Ericsson believes that achieving success in an increasingly multi-faceted, global and competitive market requires tapping into a broad talent pool in which diversity is a central component. We have made progress, but when it comes to diversity, we are not where we want to be. In order to help accelerate progress towards better gender balance, we have set a goal that by 2020 women will make up 30 percent of our employee population.

The Graduate Program

The Ericsson Graduate Program is a 12-18 month program.

The initial 3 weeks is an introduction to the business and key stakeholders. The Graduates will subsequently complete 2 rotations across the business, in various areas, suited to their ambitions and skill set, each lasting around 6 months.

The rotations undertaken during the program provide Graduates with the opportunity to diversify their skills, meet new people and utilise their knowledge across various areas of the organization.

From day one, Ericsson will partner with you to identify and develop your Edge.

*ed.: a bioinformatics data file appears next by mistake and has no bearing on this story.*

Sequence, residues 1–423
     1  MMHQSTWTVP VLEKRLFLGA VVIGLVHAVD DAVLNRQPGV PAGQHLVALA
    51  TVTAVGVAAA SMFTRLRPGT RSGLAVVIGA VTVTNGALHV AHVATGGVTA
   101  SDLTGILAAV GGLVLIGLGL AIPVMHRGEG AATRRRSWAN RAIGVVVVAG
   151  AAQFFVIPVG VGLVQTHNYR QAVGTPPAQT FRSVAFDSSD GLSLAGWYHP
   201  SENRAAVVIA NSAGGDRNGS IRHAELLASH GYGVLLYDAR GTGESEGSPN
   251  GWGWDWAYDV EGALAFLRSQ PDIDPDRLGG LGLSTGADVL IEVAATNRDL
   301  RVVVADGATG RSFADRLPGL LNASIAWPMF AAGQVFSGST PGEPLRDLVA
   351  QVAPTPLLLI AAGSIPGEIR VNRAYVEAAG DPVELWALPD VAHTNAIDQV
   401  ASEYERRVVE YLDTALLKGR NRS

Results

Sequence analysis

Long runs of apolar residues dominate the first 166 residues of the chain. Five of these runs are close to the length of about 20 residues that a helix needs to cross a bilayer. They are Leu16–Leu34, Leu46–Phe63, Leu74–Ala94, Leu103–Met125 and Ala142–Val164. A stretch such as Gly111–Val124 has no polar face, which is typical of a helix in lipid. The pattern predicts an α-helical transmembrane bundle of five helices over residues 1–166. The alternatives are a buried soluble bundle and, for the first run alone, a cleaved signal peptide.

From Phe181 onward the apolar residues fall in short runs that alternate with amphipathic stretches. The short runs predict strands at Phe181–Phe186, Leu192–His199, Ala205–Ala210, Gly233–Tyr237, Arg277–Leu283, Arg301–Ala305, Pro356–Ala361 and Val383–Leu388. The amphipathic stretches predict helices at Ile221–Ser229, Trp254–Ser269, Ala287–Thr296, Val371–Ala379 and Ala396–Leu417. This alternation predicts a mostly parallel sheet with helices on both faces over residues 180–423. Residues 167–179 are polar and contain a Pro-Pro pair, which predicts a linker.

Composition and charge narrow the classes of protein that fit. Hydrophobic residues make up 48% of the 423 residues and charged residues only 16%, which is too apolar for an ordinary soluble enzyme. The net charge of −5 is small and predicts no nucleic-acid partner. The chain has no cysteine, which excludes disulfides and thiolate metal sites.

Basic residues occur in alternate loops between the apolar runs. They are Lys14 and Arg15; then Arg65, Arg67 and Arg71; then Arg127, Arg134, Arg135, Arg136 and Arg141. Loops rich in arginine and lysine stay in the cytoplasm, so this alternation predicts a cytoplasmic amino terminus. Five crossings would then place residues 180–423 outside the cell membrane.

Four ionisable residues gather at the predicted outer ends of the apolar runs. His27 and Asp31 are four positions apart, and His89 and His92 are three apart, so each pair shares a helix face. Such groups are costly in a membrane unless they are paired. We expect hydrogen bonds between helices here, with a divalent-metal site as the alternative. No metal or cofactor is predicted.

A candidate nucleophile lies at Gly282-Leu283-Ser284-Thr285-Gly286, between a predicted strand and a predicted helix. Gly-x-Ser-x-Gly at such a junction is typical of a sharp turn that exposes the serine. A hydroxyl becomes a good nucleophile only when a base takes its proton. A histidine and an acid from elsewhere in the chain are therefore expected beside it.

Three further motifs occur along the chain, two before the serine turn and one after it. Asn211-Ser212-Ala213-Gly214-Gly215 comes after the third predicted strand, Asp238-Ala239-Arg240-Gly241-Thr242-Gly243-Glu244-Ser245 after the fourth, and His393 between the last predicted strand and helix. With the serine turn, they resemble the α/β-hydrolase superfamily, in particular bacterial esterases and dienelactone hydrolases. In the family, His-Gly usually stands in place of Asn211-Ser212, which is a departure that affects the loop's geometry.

You will work on challenging projects with some of Australia’s most prominent companies, under the guidance of an expert, and develop your career in the area you are most passionate about.

Our Graduates have the opportunity to work with any one of our world-class customers and on projects, including: Telstra 4G network implementation, National Broadband Network (NBN), Smart grid technology, Television, Media and Applications.

Our Edge

Leading Edge Technology

  • Work on world-first projects
  • Constantly face new challenges
  • Work with an industry leader and strong global brand

Opportunities

  • Work on large-scale, innovative projects that are changing the world of communications
  • Continually learn, grow and develop new skills
  • Enjoy flexibility and autonomy

People

  • Work in a supportive and collaborative environment
  • Work with diverse teams that have a global reach
  • Work with the brightest mind in the industry